Fewer college-educated women are keeping their maiden names at the altar, according to a Harvard study.
The research, by Henry Lee Professor of Economics Claudia Goldin and by former Harvard undergraduate Maria Shim ’01, highlights a trend that is a bit perplexing to the study’s authors because the societal trends that in previous decades led to women keeping their names – delayed marriage, increased education levels, greater numbers and achievement in the workforce – remain.
“There’s been no change in the underlying factors, therefore, we have a puzzle,” Goldin said.
Ironically, Goldin said she believes it was the gains that women made over the past few decades that may have led to the recent decline. Where once a woman keeping her own name after marriage was a way to make a statement of equality for women, that is less important today, when many women enjoy equal access to education, jobs, and relief from the traditional strictures that kept them in the home, Goldin said.
The research, drawn from an examination of The New York Times marriage announcements, Massachusetts birth records, and Harvard alumni records, grew from Shim’s senior thesis, which she completed in 2001. The article was published in a recent issue of the Journal of Economic Perspectives.
The article highlights the proportion of women declining to take their husband’s name in marriage over the last three decades. It tracks growth from a very low level – between 2 percent and 4 percent in 1975, through a sharp rise in the 1970s and 1980s before its decline in the 1990s to just below 20 percent in 2000.
Goldin attributes the initial increase to the societal revolution concerning women’s status that began in the 1960s. She highlights several defining indicators that show a correlation between the number of women keeping their own name and the age of first marriage. For college graduate women born in 1950, the average age of first marriage was 23. For those born just seven years later, it had risen to 25.5. That trend has continued, until today the average age of first marriage among college graduate women is about 27, Goldin said.
Another indicator is educational attainment, as the numbers of women who attend college and professional or graduate schools also rose along with the tendency of women to keep their own names. Together, Goldin said, these factors provide women with a greater opportunity to “make a name” for themselves in the workforce. The longer period of independence after they leave home and before they get married allows women to create an identity that they may be reluctant to give up.
But something happened in the 1990s, Goldin said. Massachusetts birth records, which list the full names of both the baby’s mother and father, provide a broad look at what’s going on in society, Goldin said. Those records show that 23 percent of college-educated women kept their own name in 1990, but 17 percent did in 2000.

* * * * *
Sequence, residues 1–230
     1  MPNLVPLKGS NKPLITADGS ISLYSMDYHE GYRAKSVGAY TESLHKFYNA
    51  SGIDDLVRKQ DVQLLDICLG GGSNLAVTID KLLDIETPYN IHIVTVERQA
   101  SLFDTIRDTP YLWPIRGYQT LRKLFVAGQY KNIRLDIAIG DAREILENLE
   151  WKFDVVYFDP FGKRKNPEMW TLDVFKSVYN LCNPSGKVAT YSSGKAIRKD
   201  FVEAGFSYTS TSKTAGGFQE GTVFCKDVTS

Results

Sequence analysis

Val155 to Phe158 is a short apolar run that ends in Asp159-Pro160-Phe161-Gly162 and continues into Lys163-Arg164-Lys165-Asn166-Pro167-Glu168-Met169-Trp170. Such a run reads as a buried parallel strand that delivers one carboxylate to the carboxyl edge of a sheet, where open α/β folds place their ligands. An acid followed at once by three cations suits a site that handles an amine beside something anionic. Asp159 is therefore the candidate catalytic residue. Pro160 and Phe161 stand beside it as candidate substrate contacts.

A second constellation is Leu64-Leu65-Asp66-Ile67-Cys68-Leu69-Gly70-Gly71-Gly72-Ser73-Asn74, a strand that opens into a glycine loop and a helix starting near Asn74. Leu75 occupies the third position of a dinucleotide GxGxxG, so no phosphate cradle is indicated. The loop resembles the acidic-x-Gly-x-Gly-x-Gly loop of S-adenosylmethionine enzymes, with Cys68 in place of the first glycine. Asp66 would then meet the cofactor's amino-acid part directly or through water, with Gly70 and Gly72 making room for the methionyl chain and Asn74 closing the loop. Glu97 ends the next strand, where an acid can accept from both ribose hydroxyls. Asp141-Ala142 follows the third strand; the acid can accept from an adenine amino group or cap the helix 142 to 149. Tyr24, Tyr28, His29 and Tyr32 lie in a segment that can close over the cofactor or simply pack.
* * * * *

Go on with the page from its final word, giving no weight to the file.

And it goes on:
Similarly, Harvard alumni surveys for the classes of 1980 and 1990 showed that, 10 years after graduation, 44 percent of 1980 graduates who had married kept their own name, while just 32 percent of 1990 graduates kept theirs.
The New York Times data is contradictory, Goldin said, indicating a continued trend to roughly 33 percent of brides keeping their names today.
Goldin dismissed the data from the Times, however, as changes in the way the Times selected which announcements to run may have altered results, making the data less representative of broader society. With the more comprehensive survey represented by the Massachusetts birth records, Goldin said she’s confident the decline uncovered by the birth data and the Harvard alumni records is the true trend.
But how accurate a trend, she isn’t sure. Because Massachusetts is apparently unique among states in the data provided by birth records, the study cannot be repeated for the entire nation, Goldin said.
“My sense is that the trends will be the same [elsewhere], though the levels may be off,” Goldin said.
Though the study highlights a shift in decisions by today’s brides, Goldin said it cannot explain that trend. Her own sense, Goldin said, is that the trend reflects a maturing of the gains won by the women’s movement. Women getting married in the 1990s were teenagers in the late 1980s and grew up in an America where they faced dramatically different choices from their mothers and grandmothers.
“Their mother may have worked and been college-educated. There was probably a degree of equality in the household, where the mother passed on to the daughter, ‘be good in school’ and ‘you’re as good as anyone,'” Goldin said. “Where their mothers were told [when they were young] that if you do better than the boys, they won’t like you.”
Where prior generations felt a need to keep their own names as a way to make a statement, Goldin said, that need isn’t felt as urgently by today’s young women, who may be looking for ways to bind their new families together, as sharing a last name can.
“There’s an inner urge to bond – and [there are] crazy glues that bond people together. Sharing a name is one of them,” Goldin said.